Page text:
Tsunamis and Grief

Actor Richard E Grant, having recently lost his wife, said, “Grief hits us like tsunamis as we try and put one foot in front of the other”. 

As our community was struck by grief earlier this term, I was compelled to write down my experience with grief, not for pity, but to help those who are grieving and those around them. 

I read the piece about Richard E Grant’s loss during a week when I, too, seemed to be drowning in grief. Not for a sudden loss, but for my mother, who died 23 years ago. Grief has been a part of my life for so long but continues to baffle me and creep up on me when I least expect it. 

I was 19 at the time and had nursed my mum through the highs and lows of cancer for fifteen years. It was not sudden. Death was always there waiting in the wings, so I should have been ready, prepared, fine….. 

I have reflected on this time, asked myself so many questions; ‘Did I embrace it? Was I supported? Did I cry? Did I ask questions? Did I get answers?’ 

The answer is yes to all these questions. On reflection, I could have done more of these things: asked more questions, sought more support, cried unapologetically. Hindsight is a wonderful thing and we have no choice but to move forward. 

I always tried to ‘keep busy and crack on’. I had my father to support and look after (let’s not go there!), my younger brother to continue to ‘mother’ and my eldest siblings to support. This was my way of coping and getting through. Yes, I cried, yes my closest friends were there for me at any hour of the day – however, none of them had suffered grief at that stage of their lives. I am afraid that something I can tell you is there are very few people, if any, that you will meet that will completely understand and appreciate what you have been through and how you feel. If you do – that is a gift to treasure.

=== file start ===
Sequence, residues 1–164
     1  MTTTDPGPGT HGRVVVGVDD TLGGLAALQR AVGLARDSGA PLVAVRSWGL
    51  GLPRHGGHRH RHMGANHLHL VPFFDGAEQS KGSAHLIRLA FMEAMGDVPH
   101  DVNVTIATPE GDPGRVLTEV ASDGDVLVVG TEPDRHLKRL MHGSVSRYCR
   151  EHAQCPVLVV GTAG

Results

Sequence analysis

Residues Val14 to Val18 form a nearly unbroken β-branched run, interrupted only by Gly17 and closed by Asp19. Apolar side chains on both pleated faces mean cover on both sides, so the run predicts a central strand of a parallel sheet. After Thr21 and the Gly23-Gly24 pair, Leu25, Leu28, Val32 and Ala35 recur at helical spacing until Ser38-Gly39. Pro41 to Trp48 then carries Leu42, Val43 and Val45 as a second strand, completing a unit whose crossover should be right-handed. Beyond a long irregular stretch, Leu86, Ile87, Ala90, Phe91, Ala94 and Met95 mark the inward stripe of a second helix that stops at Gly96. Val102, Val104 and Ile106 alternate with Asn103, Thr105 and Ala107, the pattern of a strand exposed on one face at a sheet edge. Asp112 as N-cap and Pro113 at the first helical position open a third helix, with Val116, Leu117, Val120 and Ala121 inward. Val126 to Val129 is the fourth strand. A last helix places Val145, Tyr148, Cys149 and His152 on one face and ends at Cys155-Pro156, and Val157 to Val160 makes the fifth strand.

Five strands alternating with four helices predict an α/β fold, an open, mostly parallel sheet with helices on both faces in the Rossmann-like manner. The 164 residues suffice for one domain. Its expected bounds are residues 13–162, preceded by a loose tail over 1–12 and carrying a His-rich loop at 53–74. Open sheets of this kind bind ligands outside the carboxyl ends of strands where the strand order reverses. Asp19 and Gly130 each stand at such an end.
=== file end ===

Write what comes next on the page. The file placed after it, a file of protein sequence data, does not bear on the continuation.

This does not mean that other people don’t care, but they can never, nor would you want them to, fully understand and appreciate YOUR feelings and what YOU are going through. 

At the immediate time of a loss, there are people everywhere, at the funeral/memorial etc. cooking, cleaning, writing, texting. It is afterwards that the need becomes greater, in my opinion. When life for everyone else seems to go back to normal, your own life is not normal anymore. How dare they go back to their normal lives, celebrate special occasions, go on holiday, laugh and be happy? These are, I believe, the hardest of times. 

You never get over your loss. Grief is like an endless wave you surf. Every time you get to the crest, it is a different experience and display of emotions to embrace and deal with. Your emotions manifest in a multitude of ways: anger, sorrow, blame, jealousy, confusion. The list is endless and complex. There is no rhyme or reason. You may find that picking up a packet of the person’s favourite sweets has a more profound effect than looking at photographs. 

It seems that everywhere we turn at the moment, someone is experiencing grief: grieving for a loved one overseas, grieving family separation, grieving for lost time and opportunities. So we just need to be conscious of embracing our loss and/or being there for others – the most minor and seemingly insignificant actions can be the most significant and worthy. 

 

“What we once enjoyed and deeply loved we can never lose, for all that we love deeply becomes part of us.”

— Helen Keller

Mrs C. Duncan | Head of Marketing and Communications

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